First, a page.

China’s travel industry upended by ticket scams
Passenger complaints about scams among travel operators selling airline tickets on the Internet are upending China’s travel industry and likely to bring about significant changes.
In January, travel writer Li Miao posted a series of articles on the popular messaging app WeChat describing problems he had with Ctrip.com. Li said he bought two flight tickets for a trip from Beijing to Tokyo. But when he got to the airport, they weren’t accepted because the tickets were fake and the booking had never been completed.
Another traveler Fu Jingnan publicized his bad Ctrip experience by announcing it on Weibo, China’s version of Twitter. After buying a ticket he was denied a boarding pass by Japan Airlines at Haneda airport in Tokyo. It appears the travel operator used a shady technique to get the ticket at discount. He redeemed frequent flier miles from another passenger flouting airline rules.
Ctrip blamed third-party agents operating on its platform and did offer Fu and Li a refund and compensation.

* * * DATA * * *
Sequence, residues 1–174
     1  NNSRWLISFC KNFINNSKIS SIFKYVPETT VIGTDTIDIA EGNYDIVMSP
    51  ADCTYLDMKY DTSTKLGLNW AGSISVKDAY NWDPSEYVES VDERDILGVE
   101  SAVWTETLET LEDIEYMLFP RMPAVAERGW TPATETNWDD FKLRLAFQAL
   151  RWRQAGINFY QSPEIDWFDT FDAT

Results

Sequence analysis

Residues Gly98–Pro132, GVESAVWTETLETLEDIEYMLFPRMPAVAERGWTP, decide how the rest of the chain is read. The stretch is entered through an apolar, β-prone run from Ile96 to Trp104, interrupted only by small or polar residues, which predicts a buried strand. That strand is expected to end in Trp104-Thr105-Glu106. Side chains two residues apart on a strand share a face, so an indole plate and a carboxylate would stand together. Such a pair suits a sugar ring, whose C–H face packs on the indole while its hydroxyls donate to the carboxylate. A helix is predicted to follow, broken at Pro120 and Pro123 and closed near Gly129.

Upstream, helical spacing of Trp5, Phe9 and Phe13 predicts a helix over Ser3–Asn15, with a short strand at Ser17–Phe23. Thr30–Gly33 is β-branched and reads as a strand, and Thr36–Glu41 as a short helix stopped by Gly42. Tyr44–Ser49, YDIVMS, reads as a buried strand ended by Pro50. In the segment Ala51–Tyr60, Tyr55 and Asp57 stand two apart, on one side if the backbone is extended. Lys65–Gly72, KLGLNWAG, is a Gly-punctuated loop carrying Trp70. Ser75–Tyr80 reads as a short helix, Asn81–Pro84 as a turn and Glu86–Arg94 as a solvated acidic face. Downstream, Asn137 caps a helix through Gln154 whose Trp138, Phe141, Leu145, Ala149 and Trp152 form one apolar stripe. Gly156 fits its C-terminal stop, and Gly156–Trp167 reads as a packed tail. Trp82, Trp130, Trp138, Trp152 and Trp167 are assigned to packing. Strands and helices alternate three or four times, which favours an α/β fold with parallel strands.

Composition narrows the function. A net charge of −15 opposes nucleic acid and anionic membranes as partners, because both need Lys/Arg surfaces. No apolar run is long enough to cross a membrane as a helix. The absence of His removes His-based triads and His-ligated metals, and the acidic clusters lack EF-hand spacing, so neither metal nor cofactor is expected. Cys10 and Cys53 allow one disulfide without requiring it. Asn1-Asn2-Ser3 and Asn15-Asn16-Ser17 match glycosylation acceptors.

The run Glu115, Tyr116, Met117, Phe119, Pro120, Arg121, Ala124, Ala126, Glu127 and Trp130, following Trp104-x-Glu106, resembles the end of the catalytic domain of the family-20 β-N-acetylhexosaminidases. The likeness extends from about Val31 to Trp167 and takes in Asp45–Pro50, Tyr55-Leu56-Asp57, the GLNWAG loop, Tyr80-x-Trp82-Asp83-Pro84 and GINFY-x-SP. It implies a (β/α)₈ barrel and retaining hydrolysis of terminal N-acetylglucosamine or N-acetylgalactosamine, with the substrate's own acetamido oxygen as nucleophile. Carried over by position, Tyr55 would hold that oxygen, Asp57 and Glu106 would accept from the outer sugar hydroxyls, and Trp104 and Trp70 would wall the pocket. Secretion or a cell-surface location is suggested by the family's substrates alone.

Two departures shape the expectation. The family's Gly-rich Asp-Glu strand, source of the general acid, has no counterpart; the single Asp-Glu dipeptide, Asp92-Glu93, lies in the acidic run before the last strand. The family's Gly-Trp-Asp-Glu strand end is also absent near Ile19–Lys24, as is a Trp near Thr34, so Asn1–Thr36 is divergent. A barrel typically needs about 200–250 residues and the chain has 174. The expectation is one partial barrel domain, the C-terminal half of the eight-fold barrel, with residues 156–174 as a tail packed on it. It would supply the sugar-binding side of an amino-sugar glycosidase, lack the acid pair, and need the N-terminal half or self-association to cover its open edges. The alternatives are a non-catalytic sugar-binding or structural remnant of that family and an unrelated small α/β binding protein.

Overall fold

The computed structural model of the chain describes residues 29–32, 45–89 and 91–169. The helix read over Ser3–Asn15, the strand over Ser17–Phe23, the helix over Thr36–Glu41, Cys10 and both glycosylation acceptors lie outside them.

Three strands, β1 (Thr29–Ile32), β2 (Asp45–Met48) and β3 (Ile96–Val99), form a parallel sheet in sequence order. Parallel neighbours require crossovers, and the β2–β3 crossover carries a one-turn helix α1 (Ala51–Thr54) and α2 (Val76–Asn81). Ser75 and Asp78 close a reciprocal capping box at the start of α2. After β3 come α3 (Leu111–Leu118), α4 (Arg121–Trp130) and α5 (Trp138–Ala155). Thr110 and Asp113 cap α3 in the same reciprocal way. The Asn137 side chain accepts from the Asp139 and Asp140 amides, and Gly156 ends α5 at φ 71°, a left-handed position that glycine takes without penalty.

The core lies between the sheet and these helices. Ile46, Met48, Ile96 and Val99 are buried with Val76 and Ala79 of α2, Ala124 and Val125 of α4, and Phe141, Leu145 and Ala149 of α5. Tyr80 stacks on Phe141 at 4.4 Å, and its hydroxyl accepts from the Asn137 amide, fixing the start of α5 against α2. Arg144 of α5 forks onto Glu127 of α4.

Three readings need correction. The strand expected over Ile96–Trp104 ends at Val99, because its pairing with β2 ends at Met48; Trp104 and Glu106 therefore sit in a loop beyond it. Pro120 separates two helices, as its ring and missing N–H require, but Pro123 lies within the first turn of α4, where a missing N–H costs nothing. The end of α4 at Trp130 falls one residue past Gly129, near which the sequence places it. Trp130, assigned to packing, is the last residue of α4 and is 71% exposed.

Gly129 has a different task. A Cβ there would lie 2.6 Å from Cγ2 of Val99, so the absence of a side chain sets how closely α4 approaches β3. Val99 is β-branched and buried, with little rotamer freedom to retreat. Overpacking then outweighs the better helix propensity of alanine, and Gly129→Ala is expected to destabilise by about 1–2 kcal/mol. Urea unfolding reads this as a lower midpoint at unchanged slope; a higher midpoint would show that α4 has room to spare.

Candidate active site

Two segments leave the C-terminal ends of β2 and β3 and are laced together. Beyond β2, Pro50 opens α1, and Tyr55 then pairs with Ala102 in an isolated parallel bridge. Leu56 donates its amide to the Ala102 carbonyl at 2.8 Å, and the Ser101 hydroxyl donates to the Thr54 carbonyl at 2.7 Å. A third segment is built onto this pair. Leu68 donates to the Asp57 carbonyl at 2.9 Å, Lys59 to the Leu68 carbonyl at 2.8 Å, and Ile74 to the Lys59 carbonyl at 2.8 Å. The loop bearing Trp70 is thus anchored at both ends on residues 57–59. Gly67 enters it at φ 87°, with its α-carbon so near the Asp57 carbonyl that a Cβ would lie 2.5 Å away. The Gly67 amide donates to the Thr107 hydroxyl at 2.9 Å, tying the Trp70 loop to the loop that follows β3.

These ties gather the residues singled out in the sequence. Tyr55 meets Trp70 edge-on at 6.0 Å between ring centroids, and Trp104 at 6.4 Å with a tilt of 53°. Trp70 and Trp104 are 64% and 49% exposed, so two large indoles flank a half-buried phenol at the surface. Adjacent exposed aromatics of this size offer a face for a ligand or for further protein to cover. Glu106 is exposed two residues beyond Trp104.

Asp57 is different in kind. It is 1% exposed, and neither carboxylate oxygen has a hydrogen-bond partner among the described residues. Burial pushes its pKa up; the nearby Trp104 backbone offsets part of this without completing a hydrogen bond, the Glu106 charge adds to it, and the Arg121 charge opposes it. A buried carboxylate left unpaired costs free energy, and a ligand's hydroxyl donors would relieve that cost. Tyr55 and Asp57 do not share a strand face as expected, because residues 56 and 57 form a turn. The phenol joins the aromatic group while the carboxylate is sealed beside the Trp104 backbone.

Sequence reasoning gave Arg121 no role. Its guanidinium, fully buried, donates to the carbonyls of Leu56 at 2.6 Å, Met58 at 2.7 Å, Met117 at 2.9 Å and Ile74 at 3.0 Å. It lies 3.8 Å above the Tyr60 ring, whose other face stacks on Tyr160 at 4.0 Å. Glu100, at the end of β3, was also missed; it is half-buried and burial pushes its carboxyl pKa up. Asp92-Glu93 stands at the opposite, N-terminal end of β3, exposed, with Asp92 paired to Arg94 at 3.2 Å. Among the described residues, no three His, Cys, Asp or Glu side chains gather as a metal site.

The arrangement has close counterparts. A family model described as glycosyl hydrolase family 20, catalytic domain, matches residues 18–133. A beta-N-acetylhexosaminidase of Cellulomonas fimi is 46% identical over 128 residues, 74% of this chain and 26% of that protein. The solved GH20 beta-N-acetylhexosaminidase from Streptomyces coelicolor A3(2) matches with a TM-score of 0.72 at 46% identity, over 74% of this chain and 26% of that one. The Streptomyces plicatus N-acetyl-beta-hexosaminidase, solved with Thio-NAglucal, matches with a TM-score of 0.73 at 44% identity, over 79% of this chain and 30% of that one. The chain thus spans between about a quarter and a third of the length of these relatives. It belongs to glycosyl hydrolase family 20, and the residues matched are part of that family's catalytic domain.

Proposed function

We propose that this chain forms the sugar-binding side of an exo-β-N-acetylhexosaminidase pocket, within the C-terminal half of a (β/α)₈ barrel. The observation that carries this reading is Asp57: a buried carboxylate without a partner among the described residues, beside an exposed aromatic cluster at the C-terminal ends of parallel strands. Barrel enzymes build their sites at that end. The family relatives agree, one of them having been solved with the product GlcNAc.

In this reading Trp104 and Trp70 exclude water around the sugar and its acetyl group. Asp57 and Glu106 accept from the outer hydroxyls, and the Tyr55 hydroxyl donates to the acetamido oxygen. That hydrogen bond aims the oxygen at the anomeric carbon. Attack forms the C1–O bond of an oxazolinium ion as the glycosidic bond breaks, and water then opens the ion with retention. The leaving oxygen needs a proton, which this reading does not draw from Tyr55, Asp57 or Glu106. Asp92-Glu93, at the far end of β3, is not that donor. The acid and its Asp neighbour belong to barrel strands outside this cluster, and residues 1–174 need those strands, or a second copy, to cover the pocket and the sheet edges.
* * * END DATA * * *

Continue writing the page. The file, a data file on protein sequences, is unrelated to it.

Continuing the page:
Still, by posting their complaints to social media, the travelers were able to garner the attention of the China Consumer Association, a semi-governmental organization that monitors consumer rights issues. The agency has begun looking into other complaints linked to the sale of flight tickets at not just Ctrip but the other major online travel websites such as Qunar, Tuniu and Alitrip. They discovered problems with two out of every 10,000 flight tickets sold on Ctrip.com.
In addition to passengers now avoiding the travel firms, news of the scams have gotten the attention of the airline companies. Consumer complaints on unexplained extra charges and problems with refunds have led the four top domestic carriers in terms of passengers per year to stop selling tickets on Qunar.com, the second largest online travel agency in the country.
The National Statistics Bureau says China’s air travel market tripled in size from 2000 2015, with 400 million trips made by plane last year. Three-quarters of the tickets sold in 2015, were handled online, according to data from E-travel Center, a tourism industry information provider.
Out of all that Ctrip had 26% of the market and Qunar came in second, with just under 25%, E-travel Center said. Only 11% of the tickets were purchased via the official websites of airlines in 2015.
In light of the complaints, analysts told Caixin they expect a reshuffling in the industry. They predict the total number of agents will decline as smaller players are forced out of the market or merge with bigger outfits. In addition, this will lead to the airlines selling a higher percentage of their own tickets directly to consumers.